Alpha-GPC (L-alpha glycerylphosphorylcholine) is a compound that is commonly used in nootropic supplements due to its cognitive-enhancing properties. It is a precursor to acetylcholine, a neurotransmitter involved in learning, memory, and other cognitive processes. Alpha-GPC is thought to increase acetylcholine levels in the brain, which may support cognitive function.

Several studies have explored the effects of Alpha-GPC on cognitive performance and brain health. Research suggests that Alpha-GPC supplementation may improve memory, attention, and overall cognitive function [8]. It is believed to enhance cholinergic neurotransmission, which is important for various cognitive processes.

Regarding the dosage required for a positive outcome, the optimal dosage of Alpha-GPC can vary depending on the specific purpose and formulation. Typical dosages used in research studies range from 300 to 1200 mg per day, so once again we’re seeing Quantumind scrape just under what the scientific literature is backing.

Phosphatidylserine (175 mg)

Phosphatidylserine (PS) is a naturally occurring phospholipid found in high concentrations in the brain. It plays a vital role in maintaining the structure and function of brain cells and is involved in various cognitive processes, including memory, attention, and learning [9]. Due to its potential cognitive-enhancing properties, PS is commonly used in nootropic supplements.

It’s worth mentioning that most studies investigating the cognitive effects of PS have focused on older adults with age-related cognitive decline or subjective memory complaints. More research is needed to determine the effects of PS supplementation in healthy individuals and different age groups.

Regarding the dosage required for a positive outcome, optimal dosages of PS may vary depending on the specific purpose and formulation. In clinical trials, dosages ranging from 100 mg to 800 mg per day have been used, so we’re within range. Let’s take the win and quickly move on.

Green Tea Leaf Extract (150 mg)

Green tea extract is derived from the leaves of the Camellia sinensis plant and is known for its rich content of bioactive compounds, including polyphenols and catechins. One of the key components of green tea extract is epigallocatechin gallate (EGCG), which has been studied for its potential cognitive-enhancing effects, especially for memory [10].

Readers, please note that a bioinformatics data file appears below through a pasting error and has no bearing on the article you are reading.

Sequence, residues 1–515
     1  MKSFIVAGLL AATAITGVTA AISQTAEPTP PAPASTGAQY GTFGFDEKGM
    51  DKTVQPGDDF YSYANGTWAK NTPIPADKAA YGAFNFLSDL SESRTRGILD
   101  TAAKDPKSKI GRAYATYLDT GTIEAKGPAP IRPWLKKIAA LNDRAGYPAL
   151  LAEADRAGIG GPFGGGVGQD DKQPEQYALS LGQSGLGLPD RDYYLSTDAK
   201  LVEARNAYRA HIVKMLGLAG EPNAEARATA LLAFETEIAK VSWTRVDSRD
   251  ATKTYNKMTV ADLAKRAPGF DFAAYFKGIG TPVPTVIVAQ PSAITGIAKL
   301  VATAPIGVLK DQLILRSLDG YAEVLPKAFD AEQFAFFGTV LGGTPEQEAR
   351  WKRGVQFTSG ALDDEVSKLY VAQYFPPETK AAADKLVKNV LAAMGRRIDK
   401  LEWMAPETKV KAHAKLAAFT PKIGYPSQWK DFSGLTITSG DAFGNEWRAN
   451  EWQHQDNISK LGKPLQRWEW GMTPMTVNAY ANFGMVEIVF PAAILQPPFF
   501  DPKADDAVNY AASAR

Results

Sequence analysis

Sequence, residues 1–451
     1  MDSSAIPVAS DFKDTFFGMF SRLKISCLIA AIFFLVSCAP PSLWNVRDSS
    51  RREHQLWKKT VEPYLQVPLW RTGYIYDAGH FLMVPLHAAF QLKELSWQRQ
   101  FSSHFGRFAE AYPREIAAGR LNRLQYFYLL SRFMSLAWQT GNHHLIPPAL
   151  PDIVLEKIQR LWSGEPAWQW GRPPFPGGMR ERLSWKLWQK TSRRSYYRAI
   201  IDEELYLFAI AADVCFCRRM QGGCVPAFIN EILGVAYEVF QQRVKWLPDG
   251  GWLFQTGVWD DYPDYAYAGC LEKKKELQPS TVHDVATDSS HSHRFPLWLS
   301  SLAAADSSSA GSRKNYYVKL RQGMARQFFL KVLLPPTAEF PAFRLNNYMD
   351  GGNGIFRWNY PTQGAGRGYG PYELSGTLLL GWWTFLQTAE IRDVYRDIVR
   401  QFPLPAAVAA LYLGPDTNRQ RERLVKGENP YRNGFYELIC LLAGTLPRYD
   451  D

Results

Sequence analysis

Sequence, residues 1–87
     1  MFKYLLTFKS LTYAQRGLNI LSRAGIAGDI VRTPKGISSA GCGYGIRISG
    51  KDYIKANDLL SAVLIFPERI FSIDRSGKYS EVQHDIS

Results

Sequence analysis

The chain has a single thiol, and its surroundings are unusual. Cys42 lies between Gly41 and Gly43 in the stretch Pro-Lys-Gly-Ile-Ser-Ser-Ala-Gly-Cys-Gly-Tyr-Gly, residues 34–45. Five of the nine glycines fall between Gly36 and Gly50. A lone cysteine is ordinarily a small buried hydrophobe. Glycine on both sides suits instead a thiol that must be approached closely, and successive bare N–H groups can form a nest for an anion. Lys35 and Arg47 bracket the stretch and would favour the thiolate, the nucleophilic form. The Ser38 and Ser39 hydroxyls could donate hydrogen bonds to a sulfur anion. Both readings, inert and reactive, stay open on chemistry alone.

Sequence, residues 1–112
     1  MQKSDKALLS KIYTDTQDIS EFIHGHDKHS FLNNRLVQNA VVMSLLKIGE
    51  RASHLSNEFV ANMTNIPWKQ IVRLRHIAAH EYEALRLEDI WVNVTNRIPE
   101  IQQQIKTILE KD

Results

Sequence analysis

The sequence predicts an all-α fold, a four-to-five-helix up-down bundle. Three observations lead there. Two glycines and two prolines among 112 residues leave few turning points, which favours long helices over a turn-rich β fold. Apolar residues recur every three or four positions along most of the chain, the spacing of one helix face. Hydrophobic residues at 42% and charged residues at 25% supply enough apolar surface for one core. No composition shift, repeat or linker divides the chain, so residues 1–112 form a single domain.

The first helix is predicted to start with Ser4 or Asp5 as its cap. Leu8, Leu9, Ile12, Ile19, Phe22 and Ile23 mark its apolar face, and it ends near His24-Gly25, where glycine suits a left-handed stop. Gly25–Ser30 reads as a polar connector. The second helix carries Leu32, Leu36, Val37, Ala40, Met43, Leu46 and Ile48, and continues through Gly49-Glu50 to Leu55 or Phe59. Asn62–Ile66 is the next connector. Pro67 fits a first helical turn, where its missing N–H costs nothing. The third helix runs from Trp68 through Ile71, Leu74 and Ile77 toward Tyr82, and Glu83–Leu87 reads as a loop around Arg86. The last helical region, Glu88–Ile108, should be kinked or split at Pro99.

Regarding the dosage required for a positive outcome, optimal dosages of green tea extract can vary depending on the specific formulation and concentration of bioactive compounds. In studies examining cognitive effects, dosages ranging from 250 mg to 500 mg of green tea extract standardized to contain a certain percentage of EGCG have been used.

Panax Ginseng (100 mg)

Panax Ginseng, commonly known as Asian Ginseng or Korean Ginseng, is a popular herbal remedy with potential cognitive-enhancing effects. Several studies suggest that Panax Ginseng may improve cognitive performance, including memory, attention, and mental processing speed [11].

The dosage required for a positive outcome can vary depending on the specific extract or formulation used. However, a commonly studied dosage range is 200-400 mg of standardized Panax Ginseng extract per day, so we are once again completely under the threshold. It also tends to work best when combined with bacopa, with the two extracts complimenting each other for a greater overall effect. [12] Something that our number one rated nootropic hunter focus does.

Ashwagandha (200 mg)

Ashwagandha, scientifically known as Withania somnifera, is an adaptogenic herb commonly used in traditional Ayurvedic medicine. It has gained attention for its potential cognitive-enhancing effects and ability to reduce stress and anxiety.

Ashwagandha may work as a nootropic supplement due to its impact on various aspects of brain function. It has been reported to improve cognitive abilities such as memory, attention, and information processing speed [13]. Additionally, Ashwagandha may help reduce stress and promote a calm and focused state of mind, which can indirectly support cognitive performance.

The effective dosage of Ashwagandha for cognitive enhancement can vary depending on the extract used and individual factors. However, studies often utilize doses ranging from 300 mg to 600 mg of standardized Ashwagandha extract per day. [14]

Verdict – Does Quantum Mind Work?